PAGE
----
Stills, 28, was booked at 11:36 p.m. local time and charged with intimidating a participant in the legal process, a felony, according to the Louisville jail's booking log.
Stills tweeted a photo of his mugshot.
"Good trouble" with my brothers and sisters- organized by @untilfreedom.— Kenny Stills (@KSTiLLS) July 15, 2020
Arrested for peacefully protesting. While Breonnas Taylor's murderers are still out on the street.#ArrestTheCops #JusticeForBreonna#BlackLivesMatter pic.twitter.com/GmJUjl7Ezv
Stills also was charged with misdemeanor disorderly conduct and criminal trespass. Stills was one of 87 people arrested after marching to the home of Kentucky Attorney General Daniel Cameron as part of a protest over the death of Breonna Taylor.
Stills was released from jail Wednesday. He posted a video to Instagram Live saying he was safe.
"We just want justice," Stills said in the video. "We just want Breonna Taylor's killers arrested."
Louisville Metro Police spokesman Lamont Washington told local media outlets that all the protesters, including Stills, were given the chance to leave Cameron's home before being arrested.
Washington said in a statement, obtained by the Louisville Courier-Journal, that all 87 protesters face similar charges "due to their refusal to leave the property and their attempts to influence the decision of the Attorney General with their actions."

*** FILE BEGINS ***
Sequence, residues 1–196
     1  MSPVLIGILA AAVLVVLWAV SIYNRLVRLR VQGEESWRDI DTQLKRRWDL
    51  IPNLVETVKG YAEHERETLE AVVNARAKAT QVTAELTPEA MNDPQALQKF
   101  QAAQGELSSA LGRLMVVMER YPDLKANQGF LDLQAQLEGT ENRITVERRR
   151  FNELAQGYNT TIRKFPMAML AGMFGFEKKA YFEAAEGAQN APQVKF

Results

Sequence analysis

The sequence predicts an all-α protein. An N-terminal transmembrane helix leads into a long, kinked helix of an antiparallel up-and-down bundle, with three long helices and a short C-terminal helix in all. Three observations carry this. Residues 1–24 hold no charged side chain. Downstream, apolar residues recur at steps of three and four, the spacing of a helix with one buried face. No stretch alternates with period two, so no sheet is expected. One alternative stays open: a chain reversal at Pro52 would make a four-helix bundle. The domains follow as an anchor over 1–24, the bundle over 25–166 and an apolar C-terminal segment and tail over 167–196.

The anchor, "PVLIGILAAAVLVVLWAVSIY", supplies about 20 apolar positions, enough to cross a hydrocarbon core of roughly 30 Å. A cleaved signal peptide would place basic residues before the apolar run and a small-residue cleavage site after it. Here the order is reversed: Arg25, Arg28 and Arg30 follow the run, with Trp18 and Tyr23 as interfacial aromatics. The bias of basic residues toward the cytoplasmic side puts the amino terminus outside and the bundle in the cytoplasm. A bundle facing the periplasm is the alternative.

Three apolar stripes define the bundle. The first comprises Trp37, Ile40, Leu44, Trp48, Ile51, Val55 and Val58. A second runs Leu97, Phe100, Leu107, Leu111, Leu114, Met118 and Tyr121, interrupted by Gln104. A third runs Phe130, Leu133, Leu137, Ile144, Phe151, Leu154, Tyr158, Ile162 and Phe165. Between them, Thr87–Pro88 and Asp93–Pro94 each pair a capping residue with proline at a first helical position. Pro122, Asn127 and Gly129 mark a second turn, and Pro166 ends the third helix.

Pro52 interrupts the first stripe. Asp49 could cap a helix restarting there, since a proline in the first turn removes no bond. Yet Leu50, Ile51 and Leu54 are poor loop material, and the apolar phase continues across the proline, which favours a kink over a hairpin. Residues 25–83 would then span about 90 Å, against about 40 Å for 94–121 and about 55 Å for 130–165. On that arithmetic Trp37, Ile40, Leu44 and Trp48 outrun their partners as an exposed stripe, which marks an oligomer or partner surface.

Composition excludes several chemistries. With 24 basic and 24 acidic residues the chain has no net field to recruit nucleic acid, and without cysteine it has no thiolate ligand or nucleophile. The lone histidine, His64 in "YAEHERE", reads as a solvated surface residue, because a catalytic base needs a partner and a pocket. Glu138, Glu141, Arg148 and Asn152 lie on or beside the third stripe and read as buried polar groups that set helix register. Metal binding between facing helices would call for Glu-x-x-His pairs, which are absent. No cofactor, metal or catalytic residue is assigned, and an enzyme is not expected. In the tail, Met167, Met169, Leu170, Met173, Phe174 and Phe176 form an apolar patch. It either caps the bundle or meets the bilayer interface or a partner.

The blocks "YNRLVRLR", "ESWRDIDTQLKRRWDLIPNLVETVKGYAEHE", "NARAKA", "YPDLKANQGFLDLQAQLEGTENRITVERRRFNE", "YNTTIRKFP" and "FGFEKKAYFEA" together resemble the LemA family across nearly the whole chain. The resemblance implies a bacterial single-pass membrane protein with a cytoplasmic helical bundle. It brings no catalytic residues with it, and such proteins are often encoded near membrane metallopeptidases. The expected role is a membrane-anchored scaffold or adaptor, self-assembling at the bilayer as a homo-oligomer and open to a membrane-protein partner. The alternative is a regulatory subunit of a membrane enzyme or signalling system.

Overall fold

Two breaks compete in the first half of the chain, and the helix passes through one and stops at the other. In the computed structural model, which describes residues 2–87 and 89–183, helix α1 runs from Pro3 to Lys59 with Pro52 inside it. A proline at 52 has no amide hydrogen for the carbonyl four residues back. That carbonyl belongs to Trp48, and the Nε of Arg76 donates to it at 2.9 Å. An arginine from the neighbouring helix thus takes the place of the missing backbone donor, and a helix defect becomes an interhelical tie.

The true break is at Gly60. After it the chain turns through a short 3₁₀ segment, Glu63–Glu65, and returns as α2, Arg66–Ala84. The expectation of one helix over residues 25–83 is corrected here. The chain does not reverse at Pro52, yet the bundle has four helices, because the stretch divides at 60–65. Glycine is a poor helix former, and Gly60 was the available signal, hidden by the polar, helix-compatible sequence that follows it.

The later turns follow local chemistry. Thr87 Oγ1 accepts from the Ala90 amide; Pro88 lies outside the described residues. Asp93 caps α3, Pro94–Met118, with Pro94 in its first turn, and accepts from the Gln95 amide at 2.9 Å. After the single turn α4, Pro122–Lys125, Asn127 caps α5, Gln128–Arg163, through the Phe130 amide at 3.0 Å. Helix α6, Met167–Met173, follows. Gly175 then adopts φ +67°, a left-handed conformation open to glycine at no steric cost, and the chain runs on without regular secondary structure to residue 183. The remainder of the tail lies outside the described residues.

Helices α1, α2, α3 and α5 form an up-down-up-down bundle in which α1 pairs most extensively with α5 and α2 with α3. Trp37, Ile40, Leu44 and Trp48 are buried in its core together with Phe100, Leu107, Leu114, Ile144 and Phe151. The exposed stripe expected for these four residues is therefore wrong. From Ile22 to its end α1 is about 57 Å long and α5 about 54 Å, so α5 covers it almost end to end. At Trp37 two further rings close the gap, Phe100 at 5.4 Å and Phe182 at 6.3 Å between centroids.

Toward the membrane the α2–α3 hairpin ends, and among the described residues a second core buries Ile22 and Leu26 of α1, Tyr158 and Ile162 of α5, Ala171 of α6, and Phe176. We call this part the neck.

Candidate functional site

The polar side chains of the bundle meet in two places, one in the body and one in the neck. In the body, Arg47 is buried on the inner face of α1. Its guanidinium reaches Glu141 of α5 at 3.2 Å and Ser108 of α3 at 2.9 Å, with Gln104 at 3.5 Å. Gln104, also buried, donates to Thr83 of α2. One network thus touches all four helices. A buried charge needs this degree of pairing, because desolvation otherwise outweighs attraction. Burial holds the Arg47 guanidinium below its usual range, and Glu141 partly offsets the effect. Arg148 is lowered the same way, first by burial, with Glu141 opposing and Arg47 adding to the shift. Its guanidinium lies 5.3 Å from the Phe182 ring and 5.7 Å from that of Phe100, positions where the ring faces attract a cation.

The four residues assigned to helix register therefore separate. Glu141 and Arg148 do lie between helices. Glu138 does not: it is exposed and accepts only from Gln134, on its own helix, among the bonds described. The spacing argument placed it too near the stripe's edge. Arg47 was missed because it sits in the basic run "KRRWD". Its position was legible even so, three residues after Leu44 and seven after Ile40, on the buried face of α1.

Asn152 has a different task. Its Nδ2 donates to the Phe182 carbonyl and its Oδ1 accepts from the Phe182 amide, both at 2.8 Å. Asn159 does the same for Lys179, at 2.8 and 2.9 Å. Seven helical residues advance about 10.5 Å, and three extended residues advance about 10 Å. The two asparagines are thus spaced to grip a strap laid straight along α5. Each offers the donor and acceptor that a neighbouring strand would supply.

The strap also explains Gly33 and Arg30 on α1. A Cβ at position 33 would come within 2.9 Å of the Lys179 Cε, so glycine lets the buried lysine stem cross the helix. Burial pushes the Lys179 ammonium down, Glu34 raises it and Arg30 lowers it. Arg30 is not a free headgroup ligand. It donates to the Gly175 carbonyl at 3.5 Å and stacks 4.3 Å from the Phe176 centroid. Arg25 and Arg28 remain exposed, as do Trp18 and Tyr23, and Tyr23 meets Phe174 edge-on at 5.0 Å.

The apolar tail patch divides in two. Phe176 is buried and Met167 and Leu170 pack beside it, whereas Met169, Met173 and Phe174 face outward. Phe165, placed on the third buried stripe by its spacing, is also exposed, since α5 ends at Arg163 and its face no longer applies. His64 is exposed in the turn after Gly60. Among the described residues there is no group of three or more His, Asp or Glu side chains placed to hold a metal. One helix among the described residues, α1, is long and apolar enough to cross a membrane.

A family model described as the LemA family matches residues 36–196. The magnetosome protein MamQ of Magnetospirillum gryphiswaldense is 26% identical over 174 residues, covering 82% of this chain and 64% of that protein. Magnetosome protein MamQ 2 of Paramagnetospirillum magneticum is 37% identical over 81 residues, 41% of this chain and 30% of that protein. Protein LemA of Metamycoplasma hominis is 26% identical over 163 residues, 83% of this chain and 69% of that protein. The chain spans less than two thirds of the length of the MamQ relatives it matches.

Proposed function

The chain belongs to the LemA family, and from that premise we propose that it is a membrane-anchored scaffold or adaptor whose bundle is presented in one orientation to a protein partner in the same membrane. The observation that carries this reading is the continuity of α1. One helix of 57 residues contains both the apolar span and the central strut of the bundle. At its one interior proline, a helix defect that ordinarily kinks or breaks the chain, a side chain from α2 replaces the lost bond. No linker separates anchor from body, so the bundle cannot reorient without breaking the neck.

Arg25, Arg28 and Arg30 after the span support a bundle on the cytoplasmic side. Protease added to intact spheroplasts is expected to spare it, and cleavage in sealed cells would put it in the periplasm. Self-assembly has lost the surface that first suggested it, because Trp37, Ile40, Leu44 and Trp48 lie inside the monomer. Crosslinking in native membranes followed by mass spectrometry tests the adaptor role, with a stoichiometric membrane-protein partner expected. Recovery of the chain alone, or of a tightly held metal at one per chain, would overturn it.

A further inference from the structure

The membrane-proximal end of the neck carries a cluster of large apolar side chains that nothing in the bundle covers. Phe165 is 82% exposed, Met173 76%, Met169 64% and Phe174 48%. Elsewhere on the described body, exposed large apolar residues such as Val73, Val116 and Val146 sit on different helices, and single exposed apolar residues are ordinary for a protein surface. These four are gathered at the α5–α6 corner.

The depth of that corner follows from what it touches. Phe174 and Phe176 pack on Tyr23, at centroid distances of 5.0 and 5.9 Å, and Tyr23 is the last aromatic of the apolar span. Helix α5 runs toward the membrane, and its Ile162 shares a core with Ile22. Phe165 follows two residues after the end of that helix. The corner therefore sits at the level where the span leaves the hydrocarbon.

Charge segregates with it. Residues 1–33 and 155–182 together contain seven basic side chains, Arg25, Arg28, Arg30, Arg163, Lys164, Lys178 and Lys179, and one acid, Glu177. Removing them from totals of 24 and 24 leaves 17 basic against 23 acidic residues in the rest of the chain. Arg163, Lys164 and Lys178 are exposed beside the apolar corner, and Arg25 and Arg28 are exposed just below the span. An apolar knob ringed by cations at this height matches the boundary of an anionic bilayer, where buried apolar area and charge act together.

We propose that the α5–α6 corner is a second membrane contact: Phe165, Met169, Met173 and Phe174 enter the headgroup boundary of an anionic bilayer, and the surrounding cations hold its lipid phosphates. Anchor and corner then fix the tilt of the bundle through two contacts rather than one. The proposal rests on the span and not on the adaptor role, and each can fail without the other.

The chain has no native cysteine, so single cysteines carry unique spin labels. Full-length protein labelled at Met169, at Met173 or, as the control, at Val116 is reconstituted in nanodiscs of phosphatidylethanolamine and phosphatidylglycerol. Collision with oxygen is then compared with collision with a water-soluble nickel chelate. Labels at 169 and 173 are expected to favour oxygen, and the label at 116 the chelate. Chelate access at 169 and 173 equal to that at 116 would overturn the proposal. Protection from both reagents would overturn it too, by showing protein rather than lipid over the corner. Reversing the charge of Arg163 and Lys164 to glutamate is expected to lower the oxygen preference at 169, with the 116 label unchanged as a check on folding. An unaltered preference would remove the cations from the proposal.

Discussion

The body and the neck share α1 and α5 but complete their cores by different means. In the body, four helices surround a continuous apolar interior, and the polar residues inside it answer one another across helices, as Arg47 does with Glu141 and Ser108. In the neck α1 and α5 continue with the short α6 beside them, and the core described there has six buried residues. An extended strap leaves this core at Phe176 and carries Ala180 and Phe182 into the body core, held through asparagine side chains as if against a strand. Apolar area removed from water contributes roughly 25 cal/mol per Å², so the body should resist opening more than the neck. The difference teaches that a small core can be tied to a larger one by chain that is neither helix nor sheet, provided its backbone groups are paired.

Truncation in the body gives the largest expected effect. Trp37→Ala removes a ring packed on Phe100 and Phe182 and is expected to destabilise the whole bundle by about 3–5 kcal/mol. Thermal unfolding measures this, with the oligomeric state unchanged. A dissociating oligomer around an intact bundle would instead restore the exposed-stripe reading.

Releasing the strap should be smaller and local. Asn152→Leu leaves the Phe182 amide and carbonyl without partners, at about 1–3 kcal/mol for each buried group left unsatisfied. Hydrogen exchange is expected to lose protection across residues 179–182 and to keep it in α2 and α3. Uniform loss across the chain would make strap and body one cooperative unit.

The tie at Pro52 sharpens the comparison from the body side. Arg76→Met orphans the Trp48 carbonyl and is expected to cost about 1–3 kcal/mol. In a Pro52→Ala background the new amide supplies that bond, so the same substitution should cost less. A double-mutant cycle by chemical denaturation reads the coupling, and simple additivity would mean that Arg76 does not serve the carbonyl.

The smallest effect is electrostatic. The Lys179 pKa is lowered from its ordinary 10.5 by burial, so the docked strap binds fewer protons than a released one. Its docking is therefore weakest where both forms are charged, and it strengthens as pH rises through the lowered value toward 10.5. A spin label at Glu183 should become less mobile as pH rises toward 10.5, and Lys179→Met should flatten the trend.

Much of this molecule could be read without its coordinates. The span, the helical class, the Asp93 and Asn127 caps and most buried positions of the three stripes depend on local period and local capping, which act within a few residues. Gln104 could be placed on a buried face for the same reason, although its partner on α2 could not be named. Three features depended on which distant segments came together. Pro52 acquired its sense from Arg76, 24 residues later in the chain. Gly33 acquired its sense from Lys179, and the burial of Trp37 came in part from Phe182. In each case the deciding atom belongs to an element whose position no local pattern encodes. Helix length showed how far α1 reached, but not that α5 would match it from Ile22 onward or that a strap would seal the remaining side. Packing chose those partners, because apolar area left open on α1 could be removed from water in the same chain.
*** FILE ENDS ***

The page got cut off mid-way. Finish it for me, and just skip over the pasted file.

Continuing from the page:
Taylor, a Black emergency medical technician, was shot eight times in Louisville on March 13 by plainclothes officers serving a no-knock search warrant for narcotics at her apartment. She was 26. No drugs were found.
Louisville has seen weeks of protests over the shooting, and Cameron has faced scrutiny for not charging any of the three officers involved in Taylor's killing.
A longtime vocal supporter of social initiatives against racial prejudice and police brutality, Stills also participated in a march for Taylor last month at the state capitol in Kentucky. Last month, he attended George Floyd's funeral in Houston and later tweeted that "Sports are a distraction from the movement."